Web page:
Picture the scene: it is Christmas after your first term as a university student. The extended family is shoe-horned into your parents' house and the sherry is flowing. At some point your red-cheeked grandma asks you what you are studying at college. Now in most cases, the answer is likely to mean little to her. "Speckled computing? Is that something to do with internet viruses?" "Microeconomics? Surely that's all about small businesses..."
However, if your answer is "climate change", the searching questions may come thick and fast. Is it really happening? Is it natural or man-made? What about this global dimming? Will Britain freeze?
To help answer such questions, as well as providing the reader with a thorough grounding in the science and politics of climate change, requires a very well-balanced textbook. Global climate change is a huge and rapidly developing subject, and the challenge of providing up-to-date information in book form, while not focusing too much on any single aspect, is a big one.
Andrew Dessler and Edward Parson make an ideal pairing for such a book, bringing together the social and scientific aspects of climate change in an authoritative but also very readable way. Dessler is an expert atmospheric chemist and an associate professor at Texas A&M University, while Parson has a wealth of experience in public policy research and is professor of law at the University of Michigan.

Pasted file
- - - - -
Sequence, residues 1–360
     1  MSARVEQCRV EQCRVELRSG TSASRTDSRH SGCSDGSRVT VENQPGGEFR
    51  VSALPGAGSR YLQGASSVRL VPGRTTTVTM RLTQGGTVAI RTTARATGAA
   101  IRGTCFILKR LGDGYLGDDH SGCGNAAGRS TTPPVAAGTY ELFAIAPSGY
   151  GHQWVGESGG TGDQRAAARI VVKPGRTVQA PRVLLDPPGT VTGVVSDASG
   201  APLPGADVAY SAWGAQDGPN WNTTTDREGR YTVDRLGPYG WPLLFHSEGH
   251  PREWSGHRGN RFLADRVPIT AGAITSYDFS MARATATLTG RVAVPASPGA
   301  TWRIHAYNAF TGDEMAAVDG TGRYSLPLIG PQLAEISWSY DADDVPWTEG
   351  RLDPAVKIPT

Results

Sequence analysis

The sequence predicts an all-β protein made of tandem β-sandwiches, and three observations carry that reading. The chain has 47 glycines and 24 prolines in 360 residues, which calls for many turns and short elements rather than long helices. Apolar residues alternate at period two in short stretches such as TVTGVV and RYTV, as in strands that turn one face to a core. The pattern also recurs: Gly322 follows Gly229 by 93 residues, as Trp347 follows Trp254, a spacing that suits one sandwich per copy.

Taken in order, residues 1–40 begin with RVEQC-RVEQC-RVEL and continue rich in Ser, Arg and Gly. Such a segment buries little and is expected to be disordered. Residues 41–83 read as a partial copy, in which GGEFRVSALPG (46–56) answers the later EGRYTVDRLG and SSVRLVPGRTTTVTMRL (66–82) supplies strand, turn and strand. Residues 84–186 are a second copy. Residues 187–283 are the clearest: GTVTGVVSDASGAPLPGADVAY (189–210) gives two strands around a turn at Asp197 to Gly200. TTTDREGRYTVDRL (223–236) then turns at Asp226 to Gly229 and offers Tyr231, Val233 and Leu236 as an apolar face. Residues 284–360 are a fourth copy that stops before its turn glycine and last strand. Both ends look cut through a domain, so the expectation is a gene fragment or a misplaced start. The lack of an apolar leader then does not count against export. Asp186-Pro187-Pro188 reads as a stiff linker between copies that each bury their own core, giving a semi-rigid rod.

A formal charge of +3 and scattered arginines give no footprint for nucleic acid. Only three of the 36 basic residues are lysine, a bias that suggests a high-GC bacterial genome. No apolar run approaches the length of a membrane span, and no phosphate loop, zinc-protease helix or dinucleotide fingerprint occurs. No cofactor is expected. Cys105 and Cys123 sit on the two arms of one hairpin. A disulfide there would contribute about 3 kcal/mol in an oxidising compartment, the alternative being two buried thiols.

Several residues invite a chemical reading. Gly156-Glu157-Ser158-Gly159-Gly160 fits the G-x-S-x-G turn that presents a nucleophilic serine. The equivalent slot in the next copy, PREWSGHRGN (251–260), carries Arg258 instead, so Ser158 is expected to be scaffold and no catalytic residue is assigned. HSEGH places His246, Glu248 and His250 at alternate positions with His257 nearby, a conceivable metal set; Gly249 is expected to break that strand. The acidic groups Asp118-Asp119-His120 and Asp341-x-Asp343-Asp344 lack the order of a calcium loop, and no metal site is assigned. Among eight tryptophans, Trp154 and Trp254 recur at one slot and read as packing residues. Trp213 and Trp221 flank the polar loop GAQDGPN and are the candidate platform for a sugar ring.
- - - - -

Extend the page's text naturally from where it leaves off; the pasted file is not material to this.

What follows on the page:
Their aim is to provide an accessible primer discussing the current state of knowledge and the uncertainties in climate-change science, the mechanics of the political debate and the conflicting claims of policymakers, climate-change sceptics and scientists.
Early on in the book, readers with a physical-science focus may be rather disillusioned by the emphasis on policy and the ethics of climate change.
Similarly, social and political scientists may balk at some of the physical climate science sections. Do not be put off. As the book progresses, the lines between these disciplines blur and a greater understanding of one leads to a much better understanding of the other.
This book will be most useful to undergraduates and postgraduates in the fields of environmental science, sustainability and international politics.
Each of the key aspects of global climate change is covered, with up-to-date and well-referenced information throughout. Its impressive breadth and the provision of succinct overviews of source material in the further reading sections of each chapter mean that teachers, lecturers and researchers will all find this book a useful starting point for in-depth study.
There are now numerous taught masters courses on "global change issues", and this book constitutes a must-have addition to their reading lists.
Given its wide remit, it does not cover the science of climate change in the detail provided by John Houghton's excellent Global Warming: The Complete Briefing , but as a primer that brings together global climate-change science and politics, it succeeds very well indeed.
Any student looking for a text to dip into for the lowdown on specific topics, will find that this book fits the bill. But if you want to be able to answer all of gran's questions and form a considered opinion on climate change as a whole, read the book in its entirety - it is well worth it.
David Reay is a fellow in the School of Geosciences, Edinburgh University.
The Science and Politics of Global Climate Change. First Edition
Author - Andrew E. Dessler and Edward A. Parson
Publisher - Cambridge University Press
Pages - 190
Price - £45.00 and £19.99
ISBN - 0 521 83170 9 and 53941 2